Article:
Hebru Brantley's "Darker Than The Color Of My True Love’s Hair" Limited Ed Print
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In "Darker Than The Color Of My True Love’s Hair", Hebru uses a collage-like technique to embellish and adorn the hair wrap, which has become a cultural fixture in Black female beauty. Brantley paints imagery into the headscarf in a fragmented and disjointed way, giving reference to the psyche. In the scarf, he references Picasso's "Les Demoiselles d'Avignon", a 1970's comic rendering of the female superhero Storm, as well as quilting, a folk art interwoven into the history of Black bodies in the United States. Brantley also calls into question the ideas of blackness and femininity. The figure, regally poised, with pearls dripping from her neck, recedes into the saturated blue and the work becomes about her hair and head. The head wrap acts as a banner of physiological insight, a physical crown, and an embellishment of beauty. Barely holding her hair, the head wrap, while an image of empowerment and a reference to black beauty, cannot even contain the black female in all her fullness.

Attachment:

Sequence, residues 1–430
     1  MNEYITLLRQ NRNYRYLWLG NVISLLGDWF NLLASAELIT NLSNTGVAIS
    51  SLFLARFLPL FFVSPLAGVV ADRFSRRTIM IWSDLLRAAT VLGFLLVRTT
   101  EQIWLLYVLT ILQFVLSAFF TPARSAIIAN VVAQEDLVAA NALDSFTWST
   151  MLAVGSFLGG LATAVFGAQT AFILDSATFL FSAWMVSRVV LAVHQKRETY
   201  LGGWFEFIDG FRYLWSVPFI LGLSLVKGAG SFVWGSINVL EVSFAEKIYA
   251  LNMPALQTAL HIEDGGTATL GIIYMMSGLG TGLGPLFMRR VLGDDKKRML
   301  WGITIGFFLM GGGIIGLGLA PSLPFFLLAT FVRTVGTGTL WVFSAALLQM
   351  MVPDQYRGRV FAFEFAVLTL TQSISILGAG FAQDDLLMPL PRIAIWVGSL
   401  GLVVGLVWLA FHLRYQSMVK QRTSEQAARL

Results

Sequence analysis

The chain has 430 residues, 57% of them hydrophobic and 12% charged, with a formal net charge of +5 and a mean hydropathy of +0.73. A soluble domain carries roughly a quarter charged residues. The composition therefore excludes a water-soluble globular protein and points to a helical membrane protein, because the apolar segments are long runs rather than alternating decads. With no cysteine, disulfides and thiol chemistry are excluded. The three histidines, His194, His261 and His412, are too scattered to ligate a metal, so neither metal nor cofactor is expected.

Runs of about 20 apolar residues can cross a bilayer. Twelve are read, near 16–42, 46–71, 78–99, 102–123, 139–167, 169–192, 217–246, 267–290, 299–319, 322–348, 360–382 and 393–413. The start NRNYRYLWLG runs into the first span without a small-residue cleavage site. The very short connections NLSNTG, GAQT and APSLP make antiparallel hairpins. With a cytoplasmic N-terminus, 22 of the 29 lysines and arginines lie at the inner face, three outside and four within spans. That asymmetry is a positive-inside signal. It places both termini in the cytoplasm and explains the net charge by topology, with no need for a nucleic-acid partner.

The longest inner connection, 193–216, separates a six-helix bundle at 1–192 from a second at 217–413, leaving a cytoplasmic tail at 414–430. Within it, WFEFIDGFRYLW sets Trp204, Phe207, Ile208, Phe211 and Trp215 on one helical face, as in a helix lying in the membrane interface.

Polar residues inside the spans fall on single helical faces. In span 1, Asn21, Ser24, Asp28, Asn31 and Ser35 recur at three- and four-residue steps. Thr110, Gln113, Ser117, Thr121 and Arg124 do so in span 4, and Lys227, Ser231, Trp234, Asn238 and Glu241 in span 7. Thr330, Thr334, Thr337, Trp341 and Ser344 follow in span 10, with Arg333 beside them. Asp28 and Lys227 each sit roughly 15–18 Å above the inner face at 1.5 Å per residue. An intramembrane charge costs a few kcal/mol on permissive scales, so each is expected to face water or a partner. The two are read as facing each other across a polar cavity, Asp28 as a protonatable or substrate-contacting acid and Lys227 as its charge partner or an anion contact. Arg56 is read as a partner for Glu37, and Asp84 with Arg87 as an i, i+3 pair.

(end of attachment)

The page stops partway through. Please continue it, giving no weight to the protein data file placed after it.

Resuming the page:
This is the fifth painting in Brantley’s series titled “Tignon Law”. The central focus of each piece is the profile of a woman adorned with a headscarf. Tignon Law was passed in 1786 by Louisiana Governor Esteban Rodriguez Miró, and required Creole women to cover their hair with a tignon in order to distinguish them from white women and emphasize their lowly social status. As a rebellion to this law, Creole women often wore elaborately designed, colorful tignons.